Minnesota is among top 5 states to insure a car for less

Insurance rates for cars aren’t necessarily the cheapest in these five states. But their residents earn enough that they pay the lowest percentage of their median income to insure a car, according to new numbers from InsWeb, an online website that compares insurance rates.

5. Utah

Nationally, the median driver spends $733 a year on auto insurance – or about 3.5 percent of his income. But drivers in Utah do much better: only $573 a year or 2.4 percent of their income. Maybe their auto insurance rates are lower because Utah has twice the space and fewer than a third of the cars that Virginia does. Still, Utahns don’t get quite as good a deal as the drivers of …

4. New Hampshire

With 600,000 fewer cars than New York City and 30 times the space, New Hampshire enjoys a certain freedom of the road. That extends to auto insurance, where the median resident spends $595 a year to insure a car. That works out to 2.5 percent of residents’ median income. But other drivers do even better in another small state with fewer cars …

3. Hawaii

Residents in the Aloha State usually spend more on things than the national average. But on car insurance, they catch a break. The median rate is $602 a year, which is the highest of the Top 5 but $130 a year cheaper than the national average. With median household income $16,000 a year above the national average, Hawaii managed to nab the No. 3 spot in the rankings, nearly equaling No. 2 …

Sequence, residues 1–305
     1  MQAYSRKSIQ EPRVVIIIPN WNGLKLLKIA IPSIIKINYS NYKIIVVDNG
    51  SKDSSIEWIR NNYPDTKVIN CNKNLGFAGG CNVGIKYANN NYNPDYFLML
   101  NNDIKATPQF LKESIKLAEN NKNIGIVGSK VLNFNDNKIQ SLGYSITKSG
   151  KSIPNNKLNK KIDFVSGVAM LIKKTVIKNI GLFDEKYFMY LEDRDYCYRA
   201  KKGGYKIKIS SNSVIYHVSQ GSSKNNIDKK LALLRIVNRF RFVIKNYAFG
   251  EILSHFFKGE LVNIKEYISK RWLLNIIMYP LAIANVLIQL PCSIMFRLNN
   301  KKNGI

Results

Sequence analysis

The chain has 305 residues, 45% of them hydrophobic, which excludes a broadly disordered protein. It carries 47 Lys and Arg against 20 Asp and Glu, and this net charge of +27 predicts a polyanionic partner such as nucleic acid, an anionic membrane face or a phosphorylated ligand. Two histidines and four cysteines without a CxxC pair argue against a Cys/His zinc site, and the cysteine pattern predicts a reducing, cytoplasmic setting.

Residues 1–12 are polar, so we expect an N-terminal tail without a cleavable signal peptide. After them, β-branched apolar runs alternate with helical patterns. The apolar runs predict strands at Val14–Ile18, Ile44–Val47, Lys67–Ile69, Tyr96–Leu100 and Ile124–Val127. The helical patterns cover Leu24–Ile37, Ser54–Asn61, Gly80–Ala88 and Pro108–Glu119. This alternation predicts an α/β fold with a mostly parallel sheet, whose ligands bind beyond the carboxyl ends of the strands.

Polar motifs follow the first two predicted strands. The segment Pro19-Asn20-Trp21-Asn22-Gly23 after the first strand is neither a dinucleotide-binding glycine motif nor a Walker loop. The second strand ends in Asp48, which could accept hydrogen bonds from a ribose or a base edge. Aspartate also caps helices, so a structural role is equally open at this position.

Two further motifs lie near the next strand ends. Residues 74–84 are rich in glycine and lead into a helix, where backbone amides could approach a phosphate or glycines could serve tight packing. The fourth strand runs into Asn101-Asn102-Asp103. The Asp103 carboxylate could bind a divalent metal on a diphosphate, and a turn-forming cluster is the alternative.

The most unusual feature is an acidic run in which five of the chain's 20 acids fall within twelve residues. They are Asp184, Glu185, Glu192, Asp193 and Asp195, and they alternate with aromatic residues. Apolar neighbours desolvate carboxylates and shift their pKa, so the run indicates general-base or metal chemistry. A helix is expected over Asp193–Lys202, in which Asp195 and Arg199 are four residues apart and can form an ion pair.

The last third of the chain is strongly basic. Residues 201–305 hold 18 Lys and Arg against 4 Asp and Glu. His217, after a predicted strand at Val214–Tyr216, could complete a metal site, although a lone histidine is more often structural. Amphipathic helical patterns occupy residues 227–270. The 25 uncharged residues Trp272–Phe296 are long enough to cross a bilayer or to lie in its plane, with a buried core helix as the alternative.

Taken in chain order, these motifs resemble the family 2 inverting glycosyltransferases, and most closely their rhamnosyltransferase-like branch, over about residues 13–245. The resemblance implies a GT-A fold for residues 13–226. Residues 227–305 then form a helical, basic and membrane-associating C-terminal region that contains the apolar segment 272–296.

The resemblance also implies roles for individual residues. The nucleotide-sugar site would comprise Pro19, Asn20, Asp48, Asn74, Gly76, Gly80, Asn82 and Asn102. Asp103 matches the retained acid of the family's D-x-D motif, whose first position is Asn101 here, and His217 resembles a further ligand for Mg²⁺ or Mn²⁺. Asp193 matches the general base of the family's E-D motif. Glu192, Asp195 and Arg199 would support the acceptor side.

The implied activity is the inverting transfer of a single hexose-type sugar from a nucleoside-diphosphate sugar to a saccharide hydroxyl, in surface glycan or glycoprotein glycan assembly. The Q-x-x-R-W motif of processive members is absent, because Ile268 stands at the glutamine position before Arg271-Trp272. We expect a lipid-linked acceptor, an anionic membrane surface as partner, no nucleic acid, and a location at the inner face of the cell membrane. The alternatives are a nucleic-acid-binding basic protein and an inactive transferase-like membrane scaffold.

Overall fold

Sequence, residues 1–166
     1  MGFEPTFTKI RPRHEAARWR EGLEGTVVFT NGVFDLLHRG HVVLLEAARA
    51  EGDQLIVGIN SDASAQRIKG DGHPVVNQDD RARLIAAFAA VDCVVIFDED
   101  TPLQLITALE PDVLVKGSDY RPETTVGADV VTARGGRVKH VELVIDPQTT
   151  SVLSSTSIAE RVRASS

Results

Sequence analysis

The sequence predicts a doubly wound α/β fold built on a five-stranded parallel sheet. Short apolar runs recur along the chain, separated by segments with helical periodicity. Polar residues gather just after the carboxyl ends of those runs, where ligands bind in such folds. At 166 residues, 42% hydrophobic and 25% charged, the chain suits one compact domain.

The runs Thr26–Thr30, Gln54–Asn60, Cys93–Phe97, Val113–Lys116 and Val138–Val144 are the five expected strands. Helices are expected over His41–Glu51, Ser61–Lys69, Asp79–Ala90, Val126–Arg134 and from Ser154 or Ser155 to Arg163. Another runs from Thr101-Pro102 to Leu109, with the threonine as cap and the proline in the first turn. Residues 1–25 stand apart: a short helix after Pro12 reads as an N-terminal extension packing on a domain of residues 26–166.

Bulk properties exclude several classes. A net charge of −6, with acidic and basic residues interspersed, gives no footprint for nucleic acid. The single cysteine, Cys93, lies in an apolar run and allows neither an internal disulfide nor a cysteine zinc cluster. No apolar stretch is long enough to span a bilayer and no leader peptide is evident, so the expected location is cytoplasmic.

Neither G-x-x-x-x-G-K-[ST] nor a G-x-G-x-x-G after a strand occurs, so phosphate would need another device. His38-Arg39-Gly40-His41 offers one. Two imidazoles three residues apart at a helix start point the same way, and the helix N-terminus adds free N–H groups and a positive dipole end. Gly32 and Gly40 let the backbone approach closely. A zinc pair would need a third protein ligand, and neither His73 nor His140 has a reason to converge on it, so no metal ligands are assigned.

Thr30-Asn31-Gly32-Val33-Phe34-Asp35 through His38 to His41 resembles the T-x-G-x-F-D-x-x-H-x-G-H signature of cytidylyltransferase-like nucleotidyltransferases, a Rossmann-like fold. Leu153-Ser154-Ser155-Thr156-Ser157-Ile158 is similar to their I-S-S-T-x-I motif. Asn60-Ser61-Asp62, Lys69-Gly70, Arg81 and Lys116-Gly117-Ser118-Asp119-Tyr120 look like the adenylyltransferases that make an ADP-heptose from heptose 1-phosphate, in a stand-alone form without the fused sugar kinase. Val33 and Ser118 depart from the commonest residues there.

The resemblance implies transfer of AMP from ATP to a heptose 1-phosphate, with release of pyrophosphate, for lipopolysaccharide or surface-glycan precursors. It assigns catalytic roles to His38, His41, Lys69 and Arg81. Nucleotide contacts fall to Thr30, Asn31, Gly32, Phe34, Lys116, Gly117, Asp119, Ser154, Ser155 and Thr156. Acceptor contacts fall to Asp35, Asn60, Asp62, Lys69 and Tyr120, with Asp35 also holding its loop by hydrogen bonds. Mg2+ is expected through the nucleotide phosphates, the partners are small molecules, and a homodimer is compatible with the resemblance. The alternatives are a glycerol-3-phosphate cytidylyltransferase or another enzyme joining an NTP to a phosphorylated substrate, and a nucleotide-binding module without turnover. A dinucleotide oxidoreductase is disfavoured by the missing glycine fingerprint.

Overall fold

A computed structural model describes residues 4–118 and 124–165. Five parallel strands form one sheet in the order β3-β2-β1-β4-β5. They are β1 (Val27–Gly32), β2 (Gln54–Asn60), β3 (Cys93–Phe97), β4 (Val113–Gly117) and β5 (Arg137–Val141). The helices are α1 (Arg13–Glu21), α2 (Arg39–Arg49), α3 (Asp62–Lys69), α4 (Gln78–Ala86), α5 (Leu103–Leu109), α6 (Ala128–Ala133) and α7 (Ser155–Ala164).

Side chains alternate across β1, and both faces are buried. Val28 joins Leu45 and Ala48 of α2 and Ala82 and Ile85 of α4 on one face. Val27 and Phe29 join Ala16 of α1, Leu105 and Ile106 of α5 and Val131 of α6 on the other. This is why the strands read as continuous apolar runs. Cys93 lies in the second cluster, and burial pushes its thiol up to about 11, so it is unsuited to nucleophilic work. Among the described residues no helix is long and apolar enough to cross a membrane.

2. Minnesota

Minnesota drivers spend only 2.4 percent of their income on car insurance. Even with all that snow and ice causing hazardous driving conditions in winter, residents still manage to drive safely enough to only pay $563 a year. That’s the second-lowest median insurance rate of any of the Top 5 states, except for No. 1 …

1. Massachusetts

Can the expensive Bay State really have the lowest insurance cost relative to income? The median driver only spends $509 a year. That’s the lowest cost of any of the Top 5 states. Thanks to a relatively high income, that works out to only 2 percent of median income, the lowest rate in the nation. It might be even lower if Boston drivers would follow even half the rules of the road.

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